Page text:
3. Ann Clin Lab Sci Summer 2012 vol. 42 no. 3 320-337 Knight, JA
  4. Gerwin RD, Dommerholt J, Shah JP. An expansion of Simons’ integrated hypothesis of trigger point formation. Curr Pain Headache Rep. 2004 Dec;8(6):468–75
  5. West, JB. Respiratory Physiology: The Essentials 9th edition  2012 Lippincott Wiliams & Wilkins, Baltimore MD
  6. Buckley JP, Mellor DD, Morris M, et al Standing-based office work shows encouraging signs of attenuating post-prandial glycaemic excursion. Occup Environ Med Occup Environ Med. 2014 Feb;71(2):109-11.
  7. http://diabetes.niddk.nih.gov/dm/pubs/statistics/index.htm.
  8. Hamilton, MT, Hamilton DG et al. Role of Low Energy Expenditure and Sitting in Obesity, Metabolic Syndrome, Type 2 Diabetes, and Cardiovascular Disease Diabetes 56:2655–2667, 2007
  9. http://ndep.nih.gov/media/2005_National_Diabetes_Fact_Sheet.pdf
  10. Sitting Kills, Movement Heals Vernikos, Joan
  11. https://www.sciencedaily.com/releases/2017/04/170424141340.htm
  12. Levine JA Non-exercise activity thermogenesis (NEAT). Best Pract Res Clin Endocrinol Metab. 2002 Dec;16(4):679-702.
  13. Buckley JP, Mellor DD, Morris M, et al Standing-based office work shows encouraging signs of attenuating post-prandial glycaemic excursion. Occup Environ Med Occup Environ Med. 2014 Feb;71(2):109-11.
  14. Levine JA Diabetologia. 2015 August ; 58(8): 1751–1758. doi:10.1007/s00125-015-3624-6.
  15. Warburton DER, Nicol CW, and Bredin, SSD. Health benefits of physical activity: the evidence CMAJ. 2006 Mar 14; 174(6): 801–809
  16. https://bodydivineyoga.wordpress.com/2011/03/23/the-psoas-muscle-of-the-soul/
  17. https://www.inc.com/matthew-jones/how-mental-health-can-save-businesses-225-billion-each-year.html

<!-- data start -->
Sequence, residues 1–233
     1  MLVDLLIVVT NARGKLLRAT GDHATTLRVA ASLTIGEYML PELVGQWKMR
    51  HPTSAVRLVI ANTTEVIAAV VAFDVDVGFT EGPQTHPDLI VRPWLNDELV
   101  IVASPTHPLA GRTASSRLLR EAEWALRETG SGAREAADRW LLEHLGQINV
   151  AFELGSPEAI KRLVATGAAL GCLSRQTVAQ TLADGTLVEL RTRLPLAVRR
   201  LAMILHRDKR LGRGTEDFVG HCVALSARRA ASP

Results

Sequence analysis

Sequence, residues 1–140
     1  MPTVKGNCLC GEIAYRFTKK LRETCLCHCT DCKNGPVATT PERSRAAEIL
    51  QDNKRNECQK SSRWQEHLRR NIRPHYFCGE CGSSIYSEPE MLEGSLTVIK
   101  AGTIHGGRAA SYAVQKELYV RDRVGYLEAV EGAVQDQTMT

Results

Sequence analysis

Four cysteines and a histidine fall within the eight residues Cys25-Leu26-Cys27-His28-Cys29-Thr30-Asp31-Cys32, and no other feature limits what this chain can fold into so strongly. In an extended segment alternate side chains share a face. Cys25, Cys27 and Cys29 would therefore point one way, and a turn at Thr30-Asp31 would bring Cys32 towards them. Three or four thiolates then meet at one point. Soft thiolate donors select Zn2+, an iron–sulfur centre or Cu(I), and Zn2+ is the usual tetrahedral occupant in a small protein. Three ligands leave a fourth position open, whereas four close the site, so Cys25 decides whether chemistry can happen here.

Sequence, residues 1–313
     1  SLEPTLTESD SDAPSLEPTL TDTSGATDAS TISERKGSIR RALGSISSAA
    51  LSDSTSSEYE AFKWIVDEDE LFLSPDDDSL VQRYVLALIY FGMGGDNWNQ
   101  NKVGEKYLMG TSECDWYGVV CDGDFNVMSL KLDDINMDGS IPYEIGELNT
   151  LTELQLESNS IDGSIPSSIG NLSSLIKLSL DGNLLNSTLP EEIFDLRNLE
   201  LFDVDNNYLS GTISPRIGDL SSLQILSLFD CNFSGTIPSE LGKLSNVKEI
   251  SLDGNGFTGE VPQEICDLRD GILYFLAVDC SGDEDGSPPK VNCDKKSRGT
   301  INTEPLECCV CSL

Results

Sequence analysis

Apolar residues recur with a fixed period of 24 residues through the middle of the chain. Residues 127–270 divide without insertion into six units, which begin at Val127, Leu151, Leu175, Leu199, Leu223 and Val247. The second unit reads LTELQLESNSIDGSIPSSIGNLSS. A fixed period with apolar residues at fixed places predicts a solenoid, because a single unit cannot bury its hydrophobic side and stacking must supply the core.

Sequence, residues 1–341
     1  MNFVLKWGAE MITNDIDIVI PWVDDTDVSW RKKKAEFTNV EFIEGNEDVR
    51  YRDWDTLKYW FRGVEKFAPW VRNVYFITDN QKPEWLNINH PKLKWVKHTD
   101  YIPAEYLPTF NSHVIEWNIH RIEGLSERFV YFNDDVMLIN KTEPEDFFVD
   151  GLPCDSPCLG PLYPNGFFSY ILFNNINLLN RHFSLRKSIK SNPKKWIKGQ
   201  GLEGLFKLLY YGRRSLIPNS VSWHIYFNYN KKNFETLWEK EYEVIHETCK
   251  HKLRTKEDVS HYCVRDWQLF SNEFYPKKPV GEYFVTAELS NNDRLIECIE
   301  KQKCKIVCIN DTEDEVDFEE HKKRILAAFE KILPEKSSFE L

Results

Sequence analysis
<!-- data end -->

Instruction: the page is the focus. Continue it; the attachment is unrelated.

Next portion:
18. Vogelzangs N Urinary cortisol and six-year risk of all-cause and cardiovascular mortality. J Clin Endocrinol Metab. 2010 Nov;95(11):4959-64
  19. Nachemson A, Elfström G. Intravital dynamic pressure measurements in lumbar discs. A study of common movements, maneuvers and exercises. Scand J Rehabil Med Suppl. 1970;1:1-40.
  20. Ibid
  21. Integrated Benefits Institute, Health and Productivity Impact of Chronic Conditions, Back Pain https://ibiweb.org/research-resources/detail/health-and-productivity-impact-of-chronic-conditions-back-pain
  22. Ognibene GT1, Torres W, von Eyben R, Horst KC. Impact of a Sit-Stand Workstation on Chronic Low Back Pain: Results of a Randomized Trial J Occup Environ Med. 2016 Mar;58(3):287-93
  23. Fairbend K  Stand Up to Depression: How To Activate THE BODY MIND MIRACLE and Defeat Depression Paperback – published October 2019 Outskirts Press, ISBN-10: 1977217605
  24. Dum RP, Levinthal DJ, Strick PL The mind-body problem: Circuits that link the cerebral cortex to the adrenal medulla.  Proc Natl Acad Sci U S A. 2019 Dec 23. pii: 201902297. doi: 10.1073/pnas.1902297116.
  25. https://www.usatoday.com/story/news/health/2020/04/08/coronavirus-inactivity-health-experts-tips-self-care-quarantine/2967723001/
  26. Garrett G, Benden M, Mehta R, Pickens A, Camille Peres, S & Zhao H Call Center Productivity Over 6 Months Following a Standing Desk Intervention, IIE Transactions on Occupational Ergonomics and Human Factors, 4:2-3, 188-195,
  27. Goggins RW, Spielholz P, Nothstein GL. Estimating the effectiveness of ergonomics interventions through case studies: implications for predictive cost-benefit analysis. J Safety Res. 2008;39(3):339-44.
  28. Karakolis T, Callaghan JP. The impact of sit-stand office workstations on worker discomfort and productivity: a review. Appl Ergon. 2014 May;45(3):799-806